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Turning pots, stones and glass into art

By PAULO ALCAZAREN, The Philippine STAR Published Oct 02, 2020 5:00 pm

Two weeks ago we looked at origami as a hobby in quarantine. The simple material needed was paper. This week we look at hobbies that turn ordinary pots, stones and glass into works of art.

We visit three moms, all with creative flair. I did not have to look far to find them. The first is a former badminton barkada, and the next two are my sisters, whom I’ve not seen in person since the lockdown.


PAULO ALCAZAREN: What line of work are you in, and how are you coping with WFH?

RACHEL RAMIREZ: I'm an architect by profession. I’ve been working for an Australian firm, offering design services. We have offices in Australia, the US, and other parts of the world.  I'm the GM for the Manila studio. All of our work is online, so we are not as affected as others.

What hobbies did you pick up during this quarantine?

This whole staying-at-home got my creative juices flowing. Since the quarantine period started, I've been doing a lot of arts and crafts for my baby.  Like many others, I also got interested in plants and became a plantita.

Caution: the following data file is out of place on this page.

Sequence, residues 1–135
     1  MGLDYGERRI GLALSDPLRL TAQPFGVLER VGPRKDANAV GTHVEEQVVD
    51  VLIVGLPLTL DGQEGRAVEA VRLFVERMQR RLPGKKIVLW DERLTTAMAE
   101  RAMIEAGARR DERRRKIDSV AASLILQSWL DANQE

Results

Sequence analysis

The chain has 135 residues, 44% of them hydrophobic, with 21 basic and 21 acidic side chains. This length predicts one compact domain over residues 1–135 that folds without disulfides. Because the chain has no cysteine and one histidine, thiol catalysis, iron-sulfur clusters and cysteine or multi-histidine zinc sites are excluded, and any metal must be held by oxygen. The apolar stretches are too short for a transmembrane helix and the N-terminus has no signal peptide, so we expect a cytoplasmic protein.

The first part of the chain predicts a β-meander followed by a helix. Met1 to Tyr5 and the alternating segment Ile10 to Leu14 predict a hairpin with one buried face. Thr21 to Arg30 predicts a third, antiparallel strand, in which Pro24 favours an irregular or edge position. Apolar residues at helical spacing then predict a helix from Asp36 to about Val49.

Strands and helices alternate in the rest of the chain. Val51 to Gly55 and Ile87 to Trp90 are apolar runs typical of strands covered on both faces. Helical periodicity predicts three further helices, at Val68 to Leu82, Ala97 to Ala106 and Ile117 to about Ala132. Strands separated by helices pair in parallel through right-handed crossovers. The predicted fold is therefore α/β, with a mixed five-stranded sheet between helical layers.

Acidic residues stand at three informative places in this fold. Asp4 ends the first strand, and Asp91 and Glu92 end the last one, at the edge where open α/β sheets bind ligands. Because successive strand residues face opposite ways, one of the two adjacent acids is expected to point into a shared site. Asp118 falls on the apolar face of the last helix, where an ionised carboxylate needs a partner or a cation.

Rachel starts with designs on paper before transferring them to clay pots.
Rachel's pots are perfect for plantitas and plantitos.
Pots can be as attractive as the plants they host.

But I was not satisfied with the pots for my plants, so I personalized them to make them stand out and provide a more interesting setting for my greenery. I mainly use hand-painted clay pots, have my designs printed then cut out in high-grade vinyl decals. Then I painstakingly compose each one of them on each pot or vase. 

Why did you decide to offer your designs online?

I started with a few pots, but realized I wouldn't have use for all the pots I'd end up with, considering all the designs I had in my head. I thought it would be good to share my work with those plant lovers who might have the same aesthetic design sense as mine.  And that's how my “after-baby sleeps” turned into a small hobby business. 

What sizes are your pots?

I’ve got 4"x4.5" pots, but also have 5"x6" and 7"x8" ones. I do accept commissions for custom designs.  I'm also open to bigger sizes and I usually advise what's best based on the design they want. 

MARITA ALCAZAREN-DE LEON: ‘Pawtraits’ in stone

Marita is the elder of my two sisters and used to work as an advertising art director. A fine arts graduate from UP, she took an option for early retirement and went freelance. In between projects she took up making resin jewelry and découpaging as a hobby.

Her artist son encouraged her to go back to painting. She discovered she liked painting pets, having become a fur parent herself (with a Shih Tzu named Peanut). She’s been doing “pawtraits” of pets since 2018 but found a new medium for them.

Marita works on one half of her dining table.

“Pawtraits” in stone can be used as shelf decor or paperweights.

Pet rocks are housebroken.